Ten L.A. Bands That Can Cause Mayhem
Los Angeles is a bottomless reservoir of bands, and when you think you know most of them, you are asked about a band you have never heard about, and the following week you discover ten new ones! I go out often but I don’t pretend to know a third, a fourth, a fifth? of the bands that you can see on a regular basis. The scene is rich and diverse, but I would say there are many L.A. scenes, what you witness at the Whiskey a Go Go or at the Viper Room can be very different from what you see at the Echoplex! You can classify these numerous bands the way you want, the poppy ones, the punk ones, the eccentric ones, the classic ones… it never ends. But there is always something you notice, especially when you are trying to take photos during the show: you will always remember the way the crowd moves, and the band’s ability to trigger mayhem! So here are ten riotous bands I saw this year:
Egrets on Ergot, which I saw many times over the years, are one of the weirdest bands in LA. They are a raucous assault to eardrums with chunks of horror punk, constant changes of rhythms, fierce accelerations, all led by Adam Brooks’ angry shriek and lugubrious sax injections. With goth inspirations, they are a threatening cacophony and a series of angsty stage antics.
Clit Kat can turn the place upside down with a chaotic brand of punk/hardcore/dissonant music. Fronted by the ferocious screamer Mag Kat, they are a bunch of troublemakers, looking for disruption and disorder with an unapologetic determination.
The Side Eyes sound like a new wave of Black Flag-inspired youth, fronted by riot girl Astrid McDonald. All-legs and long blonde hair, she always rides with ease the hardcore and abrupt assaults of her bandmates.
The Manx are some wild, crazy men, often covered of bright paint, red or green, looking like butchers after a slaughter party, and assaulting the stage with dissonance and trash-metal screams. Like a disjointed version of Gogol Bordello, they play an aggressive mix of punk and metal folk-core, resulting in a cacophony involving an accordion and an upright bass.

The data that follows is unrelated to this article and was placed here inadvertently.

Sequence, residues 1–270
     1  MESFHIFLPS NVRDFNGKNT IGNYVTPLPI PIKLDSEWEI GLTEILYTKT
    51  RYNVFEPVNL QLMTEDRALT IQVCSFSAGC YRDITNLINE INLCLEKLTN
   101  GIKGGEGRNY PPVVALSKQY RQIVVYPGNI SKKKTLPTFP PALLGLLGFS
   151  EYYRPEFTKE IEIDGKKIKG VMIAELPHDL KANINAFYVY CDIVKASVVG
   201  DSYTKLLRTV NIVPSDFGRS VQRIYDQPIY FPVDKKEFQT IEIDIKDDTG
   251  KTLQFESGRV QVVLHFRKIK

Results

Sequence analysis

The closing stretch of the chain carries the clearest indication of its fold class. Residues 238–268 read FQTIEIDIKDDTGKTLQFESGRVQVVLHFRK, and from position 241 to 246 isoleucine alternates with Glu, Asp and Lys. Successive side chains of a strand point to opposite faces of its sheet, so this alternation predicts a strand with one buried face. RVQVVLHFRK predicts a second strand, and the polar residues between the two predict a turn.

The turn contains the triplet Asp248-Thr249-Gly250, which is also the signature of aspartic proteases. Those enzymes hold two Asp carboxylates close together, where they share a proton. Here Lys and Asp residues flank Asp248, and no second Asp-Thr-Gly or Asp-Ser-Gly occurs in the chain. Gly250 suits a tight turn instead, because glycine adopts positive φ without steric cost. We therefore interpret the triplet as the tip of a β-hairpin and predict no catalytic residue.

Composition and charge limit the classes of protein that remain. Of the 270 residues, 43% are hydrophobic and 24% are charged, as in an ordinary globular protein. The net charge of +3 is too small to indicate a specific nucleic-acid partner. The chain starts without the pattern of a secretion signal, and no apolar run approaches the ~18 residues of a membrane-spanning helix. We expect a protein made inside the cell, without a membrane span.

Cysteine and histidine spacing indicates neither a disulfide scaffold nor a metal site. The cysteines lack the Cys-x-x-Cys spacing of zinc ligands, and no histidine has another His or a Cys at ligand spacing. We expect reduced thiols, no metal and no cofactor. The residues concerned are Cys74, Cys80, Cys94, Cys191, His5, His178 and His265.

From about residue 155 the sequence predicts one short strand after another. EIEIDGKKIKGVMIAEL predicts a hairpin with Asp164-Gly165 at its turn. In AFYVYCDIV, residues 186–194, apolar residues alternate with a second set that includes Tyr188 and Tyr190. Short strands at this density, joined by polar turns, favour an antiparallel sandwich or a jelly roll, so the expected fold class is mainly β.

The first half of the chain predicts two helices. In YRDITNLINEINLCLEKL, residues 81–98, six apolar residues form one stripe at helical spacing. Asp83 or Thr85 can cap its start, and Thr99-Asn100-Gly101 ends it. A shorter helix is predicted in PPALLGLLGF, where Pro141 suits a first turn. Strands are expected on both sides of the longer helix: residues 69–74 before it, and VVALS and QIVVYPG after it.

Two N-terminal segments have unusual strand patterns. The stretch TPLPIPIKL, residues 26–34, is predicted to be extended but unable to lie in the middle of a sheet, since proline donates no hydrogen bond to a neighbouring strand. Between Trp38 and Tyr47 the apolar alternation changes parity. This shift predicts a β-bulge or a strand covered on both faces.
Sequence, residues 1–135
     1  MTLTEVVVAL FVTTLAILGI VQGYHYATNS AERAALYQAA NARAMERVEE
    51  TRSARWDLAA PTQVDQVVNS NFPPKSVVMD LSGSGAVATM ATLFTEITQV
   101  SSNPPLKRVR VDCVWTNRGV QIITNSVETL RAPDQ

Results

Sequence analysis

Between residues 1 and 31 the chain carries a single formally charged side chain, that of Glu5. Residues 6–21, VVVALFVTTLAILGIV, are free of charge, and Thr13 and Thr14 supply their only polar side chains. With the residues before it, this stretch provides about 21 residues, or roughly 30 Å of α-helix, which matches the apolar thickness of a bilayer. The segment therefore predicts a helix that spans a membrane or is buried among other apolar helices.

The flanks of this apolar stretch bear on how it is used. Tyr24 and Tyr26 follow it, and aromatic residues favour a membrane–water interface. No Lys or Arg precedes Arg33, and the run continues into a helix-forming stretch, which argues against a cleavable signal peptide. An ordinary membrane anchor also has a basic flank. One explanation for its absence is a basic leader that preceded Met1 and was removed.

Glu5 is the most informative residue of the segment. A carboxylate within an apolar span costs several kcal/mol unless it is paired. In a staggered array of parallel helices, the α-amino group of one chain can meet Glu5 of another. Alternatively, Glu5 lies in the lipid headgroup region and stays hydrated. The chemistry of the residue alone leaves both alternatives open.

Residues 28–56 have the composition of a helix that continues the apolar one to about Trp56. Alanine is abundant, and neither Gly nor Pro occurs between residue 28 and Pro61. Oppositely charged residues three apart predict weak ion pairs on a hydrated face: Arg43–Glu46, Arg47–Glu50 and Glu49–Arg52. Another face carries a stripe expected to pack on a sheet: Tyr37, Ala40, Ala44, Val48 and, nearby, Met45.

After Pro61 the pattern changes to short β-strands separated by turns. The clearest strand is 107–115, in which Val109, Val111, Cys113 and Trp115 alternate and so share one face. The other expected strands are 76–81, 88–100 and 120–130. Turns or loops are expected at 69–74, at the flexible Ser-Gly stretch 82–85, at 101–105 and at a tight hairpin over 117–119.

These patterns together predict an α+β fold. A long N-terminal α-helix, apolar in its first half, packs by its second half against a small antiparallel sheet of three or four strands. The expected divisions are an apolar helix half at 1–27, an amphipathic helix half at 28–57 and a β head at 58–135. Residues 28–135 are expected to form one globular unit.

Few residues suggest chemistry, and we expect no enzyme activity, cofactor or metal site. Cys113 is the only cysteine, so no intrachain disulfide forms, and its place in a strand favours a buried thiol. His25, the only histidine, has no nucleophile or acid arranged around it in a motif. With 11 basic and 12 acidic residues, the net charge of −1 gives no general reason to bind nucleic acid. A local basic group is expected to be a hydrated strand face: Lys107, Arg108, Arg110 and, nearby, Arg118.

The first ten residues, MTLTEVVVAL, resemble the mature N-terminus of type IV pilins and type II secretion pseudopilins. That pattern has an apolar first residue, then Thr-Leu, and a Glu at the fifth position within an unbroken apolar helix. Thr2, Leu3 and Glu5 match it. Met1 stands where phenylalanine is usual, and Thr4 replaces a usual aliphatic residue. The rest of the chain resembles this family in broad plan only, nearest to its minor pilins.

The Tissues are another woman-fronted band, the fierce Kristine Nevrose, who can scream her rage like no other. Her seductive dance is restless, acting like a bitch, walking like a queen, she abruptly releases a series of violent outbursts of anger and insubordination,
The Buttertones are the darling of the L.A. scene, and if I missed a few of their last shows, I can assure you it was probably the same mayhem, I almost got killed taking pictures of them at one of these Echo Park Rising shows! The crowd (and especially the girls) pushed the barricades so violently, that they collapsed at the sound of the band’s empowering music, which shakes like a wild animal and brings back memories of the Cramps under the sunshine of the great California surf bands.
Current Joys are a crowd riot, and if I have barely seen them during a very sweaty episode of Echo Park Rising, this should not come as a total surprise as the band is fronted by Nick Rattigan, of the very popular Surf Curse. Both bands can trigger a hell of crowd surfing, bringing the excitation among young females to a new British invasion level. if the music is less joyful than Surf Curse’s material, it is more cathartic, and explodes into sonic heights, for the surfer girls’ greatest joy.
Surfbort are once again led by a fearless woman, Dani Miller, who, with her crazy eyes, carnivore smile, and daring poses, tries to install terror in a fun way, looking for the ugly and barbaric. The band plays an aggressive brand of melodic ‘70s punk music with a half-deranged delivery and weird antics.
Thee Oh Sees, which are now simply named Oh Sees, are an enduring success in L.A., and their shows are pure madness under the spell of John Dwyer, a psych-punk god with a guitar and his the two drummers beating with perfect synchronicity. Hypnotic and powerful, they are a sonic ecstasy pill, exploring new levels of psychedelic, as a new portal is opened by their free leader.
The Coltranes have hardcore riffs, a fast and multi-influenced pace, but also a charismatic frontman, Spencer Heath, whose screams often equals Bad Brains’ H.R.. In full trench-coat character, he insults the crowd and screams over hardcore assaults, and he can sound as terrifying as he looks funny during the heartfelt sing-along. I saw them this summer, and it could have been a no-tomorrow punk party because this was announced as their last show ever!